China’s emerging luxury brands look to recover traditions lost in communist revolution
Chinese are quick to boast about their 5,000-year legacy of culture and learning. Yet history is often the missing element for would-be Chinese luxury brands now seeking a piece of their own market.
Long tradition has been a mainstay for internationally recognized luxury products, and the Chinese market is no exception. About 40% of wealthy Chinese surveyed by Hurun and Industrial Bank rated “long history” as an important characteristic for top-end brands.
Yet few Chinese luxury products survived the period between communist takeover and the country’s reform and opening, a span of roughly 30 years ending in the late 1970s. The lone survivors of the orthodox communist years, such as the liquor Moutai, have translated officially condoned prestige into hugely successful domestic businesses.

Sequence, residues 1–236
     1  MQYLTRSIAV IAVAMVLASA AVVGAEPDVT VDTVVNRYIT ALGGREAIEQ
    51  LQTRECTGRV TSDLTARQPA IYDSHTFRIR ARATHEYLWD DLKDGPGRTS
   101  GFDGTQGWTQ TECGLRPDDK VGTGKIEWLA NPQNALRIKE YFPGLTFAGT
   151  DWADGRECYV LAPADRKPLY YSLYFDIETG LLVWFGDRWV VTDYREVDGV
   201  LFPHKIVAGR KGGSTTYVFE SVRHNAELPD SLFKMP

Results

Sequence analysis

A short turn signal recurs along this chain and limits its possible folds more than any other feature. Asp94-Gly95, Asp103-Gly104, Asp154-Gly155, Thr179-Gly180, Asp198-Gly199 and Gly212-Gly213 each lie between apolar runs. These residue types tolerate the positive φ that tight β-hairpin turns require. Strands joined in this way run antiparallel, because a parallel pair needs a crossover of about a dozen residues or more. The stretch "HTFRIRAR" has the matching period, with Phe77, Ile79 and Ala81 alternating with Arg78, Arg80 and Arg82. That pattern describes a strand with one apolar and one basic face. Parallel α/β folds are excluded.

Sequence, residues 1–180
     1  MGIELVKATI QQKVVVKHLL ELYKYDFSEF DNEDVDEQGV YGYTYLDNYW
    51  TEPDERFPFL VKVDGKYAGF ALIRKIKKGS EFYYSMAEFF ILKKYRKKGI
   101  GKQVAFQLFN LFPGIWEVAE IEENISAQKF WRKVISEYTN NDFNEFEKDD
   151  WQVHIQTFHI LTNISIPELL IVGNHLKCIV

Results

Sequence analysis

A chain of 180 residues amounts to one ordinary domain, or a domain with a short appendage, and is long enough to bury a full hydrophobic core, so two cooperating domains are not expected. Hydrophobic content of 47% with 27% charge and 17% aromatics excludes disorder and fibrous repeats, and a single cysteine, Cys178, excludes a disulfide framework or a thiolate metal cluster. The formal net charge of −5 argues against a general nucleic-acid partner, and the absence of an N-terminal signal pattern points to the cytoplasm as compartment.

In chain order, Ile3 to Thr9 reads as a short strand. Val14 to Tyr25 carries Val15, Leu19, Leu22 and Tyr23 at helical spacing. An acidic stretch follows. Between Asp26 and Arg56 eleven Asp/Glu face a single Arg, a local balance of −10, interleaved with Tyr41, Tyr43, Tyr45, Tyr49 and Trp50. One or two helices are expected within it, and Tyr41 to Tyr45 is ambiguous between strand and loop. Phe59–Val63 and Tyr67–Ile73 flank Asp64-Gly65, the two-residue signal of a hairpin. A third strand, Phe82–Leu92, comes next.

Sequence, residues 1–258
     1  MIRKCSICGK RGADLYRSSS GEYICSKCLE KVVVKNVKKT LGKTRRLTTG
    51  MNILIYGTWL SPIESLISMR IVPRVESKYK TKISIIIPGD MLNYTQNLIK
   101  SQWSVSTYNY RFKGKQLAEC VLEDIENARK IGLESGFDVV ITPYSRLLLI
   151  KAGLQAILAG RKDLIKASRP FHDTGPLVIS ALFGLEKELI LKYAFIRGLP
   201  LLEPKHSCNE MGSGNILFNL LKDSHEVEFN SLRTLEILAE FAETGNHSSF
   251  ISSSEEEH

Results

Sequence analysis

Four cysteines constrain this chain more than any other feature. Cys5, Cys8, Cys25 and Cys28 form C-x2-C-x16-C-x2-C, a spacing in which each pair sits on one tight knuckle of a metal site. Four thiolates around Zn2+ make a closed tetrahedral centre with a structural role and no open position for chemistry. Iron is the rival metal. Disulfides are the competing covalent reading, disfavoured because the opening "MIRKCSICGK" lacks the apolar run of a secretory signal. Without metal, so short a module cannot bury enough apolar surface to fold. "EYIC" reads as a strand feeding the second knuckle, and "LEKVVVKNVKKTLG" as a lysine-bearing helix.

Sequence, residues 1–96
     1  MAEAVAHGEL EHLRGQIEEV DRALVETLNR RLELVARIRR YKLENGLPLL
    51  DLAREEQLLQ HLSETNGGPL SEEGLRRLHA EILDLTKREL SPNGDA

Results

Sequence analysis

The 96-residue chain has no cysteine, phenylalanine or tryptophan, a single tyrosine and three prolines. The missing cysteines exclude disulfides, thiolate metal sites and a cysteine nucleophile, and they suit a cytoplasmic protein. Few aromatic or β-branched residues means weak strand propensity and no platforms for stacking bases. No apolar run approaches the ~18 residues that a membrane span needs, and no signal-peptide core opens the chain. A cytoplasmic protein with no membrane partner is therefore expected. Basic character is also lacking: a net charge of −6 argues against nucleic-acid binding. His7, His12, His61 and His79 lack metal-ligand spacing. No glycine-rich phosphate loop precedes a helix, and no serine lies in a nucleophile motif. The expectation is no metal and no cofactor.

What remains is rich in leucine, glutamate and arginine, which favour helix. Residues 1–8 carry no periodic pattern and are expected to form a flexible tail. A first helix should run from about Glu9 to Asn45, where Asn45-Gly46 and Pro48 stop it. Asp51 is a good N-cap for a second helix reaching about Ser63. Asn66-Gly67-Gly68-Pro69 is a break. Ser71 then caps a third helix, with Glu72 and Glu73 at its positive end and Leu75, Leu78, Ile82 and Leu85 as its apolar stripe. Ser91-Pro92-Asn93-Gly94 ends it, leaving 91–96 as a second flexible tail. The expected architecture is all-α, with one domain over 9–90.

Other Chinese companies, mostly clothing designers, are attempting to bridge the gap by reaching into the early years of the 20th Century for style inspiration with Chinese characteristics. Results have been mixed, however; some Chinese companies are inching toward the prestige of brands like Louis Vuitton and Chanel, but many others fall short.
Spirit of the People
Moutai, a type of strong, sorghumbased spirit known as baijiu, can often be spotted in dusty black and white photos of Mao Zedong and Zhou Enlai, two of China’s immortal leaders. Kweichow Moutai has become the market leader for sales of the traditional Chinese spirit, as well as one of the most highly valued companies on the Shanghai Stock Exchange.
Moutai refers to a city in Guizhou province where the product is made, and the name has taken on brandlike qualities of its own. In a survey on China’s luxury gift market earlier this year, the Hurun Report found that Moutai rated fifth on a list of 10 upscale brands, higher than Dior, Prada and Armani.
A bottle of Kweichow can sell for as much as US$2,000. One 1958 vintage of the spirit was auctioned for nearly US$230,000 in 2010.